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electronic reprint Heat transfer from protein crystals: implications for ...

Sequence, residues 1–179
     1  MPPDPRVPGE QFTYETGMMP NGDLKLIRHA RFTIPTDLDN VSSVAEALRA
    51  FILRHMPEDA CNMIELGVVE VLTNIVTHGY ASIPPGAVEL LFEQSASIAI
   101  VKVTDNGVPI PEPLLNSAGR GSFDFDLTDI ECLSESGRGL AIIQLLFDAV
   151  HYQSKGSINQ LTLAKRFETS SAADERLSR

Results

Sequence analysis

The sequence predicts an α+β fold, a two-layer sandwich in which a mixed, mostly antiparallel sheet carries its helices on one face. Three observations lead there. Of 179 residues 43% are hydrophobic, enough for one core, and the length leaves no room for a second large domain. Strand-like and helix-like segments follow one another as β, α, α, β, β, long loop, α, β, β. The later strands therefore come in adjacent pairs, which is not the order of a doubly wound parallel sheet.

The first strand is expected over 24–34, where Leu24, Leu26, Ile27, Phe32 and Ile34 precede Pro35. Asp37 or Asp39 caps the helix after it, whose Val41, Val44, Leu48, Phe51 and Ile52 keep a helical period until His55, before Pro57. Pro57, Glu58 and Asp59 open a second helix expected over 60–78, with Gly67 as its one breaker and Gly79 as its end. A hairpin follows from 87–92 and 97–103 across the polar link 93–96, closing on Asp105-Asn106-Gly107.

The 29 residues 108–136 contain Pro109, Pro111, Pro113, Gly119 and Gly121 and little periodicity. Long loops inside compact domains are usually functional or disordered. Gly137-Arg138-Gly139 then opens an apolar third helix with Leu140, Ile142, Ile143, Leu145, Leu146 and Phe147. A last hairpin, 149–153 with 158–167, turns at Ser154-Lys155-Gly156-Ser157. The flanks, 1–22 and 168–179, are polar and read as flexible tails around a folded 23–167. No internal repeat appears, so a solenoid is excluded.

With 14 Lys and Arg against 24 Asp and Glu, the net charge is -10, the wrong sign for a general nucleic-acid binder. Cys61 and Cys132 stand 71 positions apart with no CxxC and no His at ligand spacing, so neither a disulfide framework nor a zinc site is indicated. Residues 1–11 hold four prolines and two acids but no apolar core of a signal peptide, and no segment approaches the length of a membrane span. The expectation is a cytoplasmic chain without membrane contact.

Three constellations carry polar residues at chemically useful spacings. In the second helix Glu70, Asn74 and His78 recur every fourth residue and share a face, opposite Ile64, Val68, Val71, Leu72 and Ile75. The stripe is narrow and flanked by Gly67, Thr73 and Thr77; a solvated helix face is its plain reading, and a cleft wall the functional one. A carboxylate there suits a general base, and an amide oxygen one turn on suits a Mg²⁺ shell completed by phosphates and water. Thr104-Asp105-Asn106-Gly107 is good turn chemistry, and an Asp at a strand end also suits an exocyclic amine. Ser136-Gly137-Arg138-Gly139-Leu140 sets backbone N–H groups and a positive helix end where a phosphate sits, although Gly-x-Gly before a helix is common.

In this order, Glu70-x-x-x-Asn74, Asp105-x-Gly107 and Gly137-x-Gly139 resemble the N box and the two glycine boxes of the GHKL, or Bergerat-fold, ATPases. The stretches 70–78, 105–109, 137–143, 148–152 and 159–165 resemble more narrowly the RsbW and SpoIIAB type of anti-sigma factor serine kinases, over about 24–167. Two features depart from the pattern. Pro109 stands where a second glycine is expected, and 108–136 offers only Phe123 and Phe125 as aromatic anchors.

esearch papersimportant quantity averaged over the entire sample surfacegives a good description of the actual heat-**transfer** rates.In addition to the Reynolds number characterizing the ¯ow,heat **transfer** in ¯uids is characterized by the Prandtl numberPr = v/, where v is the ¯uid's kinematic viscosity and is itsthermal diffusivity. As shown in Table 1, **for** both N 2 and Hegas Pr is close to 1, independent of the gas temperature.From scaling analysis **for** ¯uids with Pr ' 1 and with Re L inthe laminar boundary-layer regime, the average heat-**transfer**coef®cient h over the surface of a spherical sample isapproximately given by (Landau & Lifshitz, 1987; Bejan,1995)h ' ˆ 0:6 u1=2 t …Lv† ;…3†1=2where t is the average thickness of the laminar thermalboundary layer given by t ' 1:7L=Re 1=2L ˆ 1:7…vL=u† 1=2 …4†and where is the thermal conductivity of the cooling ¯uid.Experiments and numerical simulations are in agreementwith (3) and (4) (Vyrubov, 1939; Liakhovski, 1940; Yuge, 1960;Whitaker, 1972; Bald, 1984; Wong et al., 1986). **Heat**-**transfer**rates are larger (smaller) in the upstream (downstream) regionof the sample where the boundary layer is thinner (hasseparated) (Renksizbulut & Yuen, 1983; Sharpe & Morrison,1986; Wong et al., 1986; Bagchi et al., 2001; Balachandar & Ha,2001). Averaging over the sample surface yields the empiricalrelation (3). Although primarily derived **for** a sphericalsample, (3) is also roughly applicable to rod- or plate-likesamples with their long dimension oriented parallel to the ¯owand with L corresponding to this dimension. Based on ouranalysis, we also expect that h is nearly independent of thetemperature difference between sample and ¯ow.Table 3(b) gives estimates of h calculated using (3) **for****crystals** of different size cooled **from** room temperature bygases at different temperatures. These are in fair agreementwith values used in previous analyses: 100 < h < 250 (Kuzay etal., 2001) and 300 < h < 800 (Nicholson et al., 2001). Thesevenfold difference in thermal conductivity between He andN 2 gas is partially compensated by a threefold difference in thethickness of the boundary layers, so that h differs by only afactor of 3 **for** both gases.A similar approach yields estimates of h **for** plunge-coolingin cold liquids in the absence of boiling, also given in Table3(b). From Table 1, Pr ' 2 **for** liquid nitrogen, roughly threetimes that **for** nitrogen gas; Pr < 10 **for** ethane and propaneexcept extremely close to propane's melting point. The heat**transfer**coef®cient h is only weakly dependent on Pr, varyingas h ' Pr 0.3 ...0.4 (Kramers, 1946; Ranz & Marshall, 1952a,b;Whitaker, 1972; Bald, 1984). Thus (3) should be approximatelyapplicable **for** constant-velocity plunge-cooling in liquidcryogens, where u is now the plunge velocity.For He and N 2 gases, the temperature dependencies of thekinematic viscosity v and thermal conductivity cancel in (3)to make h essentially independent of temperature, so that thetemperature at which v and are evaluated does not matter.The situation is more complicated **for** liquid propane andethane, whose viscosity v increases steeply with decreasingtemperature. In this case, the boundary layer is roughlydetermined by the smallest kinematic viscosity, which occursin the warmest regions adjacent to the sample surface.Consequently, we use cooling ¯uid properties at the initialsample temperature T 300 K in our estimates of h **for** liquidsin Table 3(b), at suf®cient pressures so that they remain liquid.The critical temperature **for** nitrogen T = 126 K is well below300 K, so that nitrogen near the sample surface will initially bein an essentially gaseous state. To estimate the largest practicalcooling rates, we calculated h at T = 300 K at a pressureP = 10 MPa, three times nitrogen's critical pressure. Because hwill vary during cooling, these estimates will be less accuratethan those **for** gases. However, as discussed later it is usuallyimpractical to per**for**m plunge-cooling with no boiling, so thatthese estimates are suf®cient to guess the theoretical upperbounds on achievable cooling rates. Note that estimates of hbased on boundary-layer theory are applicable only when thesample size L is much larger than the boundary layerthickness, t (or Re L >> 1), which is true in N 2 gas at T = 100 K**for** L >> 20 mm, in He gas at T = 30 K **for** L >> 100 mm, inliquid N 2 **for** L >> 0.2 mm, in liquid ethane **for** L >> 2 mm andin liquid propane **for** L >> 10 mm.2.2. Characteristic cooling timesTo cool a crystal, heat must be conducted through thecrystal's internal thermal conduction resistance **from** itsinterior to its surface and then through the convective thermalresistance of the gas or liquid boundary layer. The bottleneckin heat transport is determined by the ratio of the boundarylayer'sheat-transport coef®cient per unit area h ' / t to thesample's thermal conductance per unit area s /L, given by theBiot number (Liakhovski, 1940; Zasadzinski, 1988; Kuzay etal., 2001)Bi ˆ hL= s :Table 3(c) gives typical Bi values **for** gas-stream and liquidplungecooling, using values of the sample's thermal conductancediscussed in x3 estimated **from** the data in Table 2(a).For gas-stream cooling with both N 2 and He, Bi

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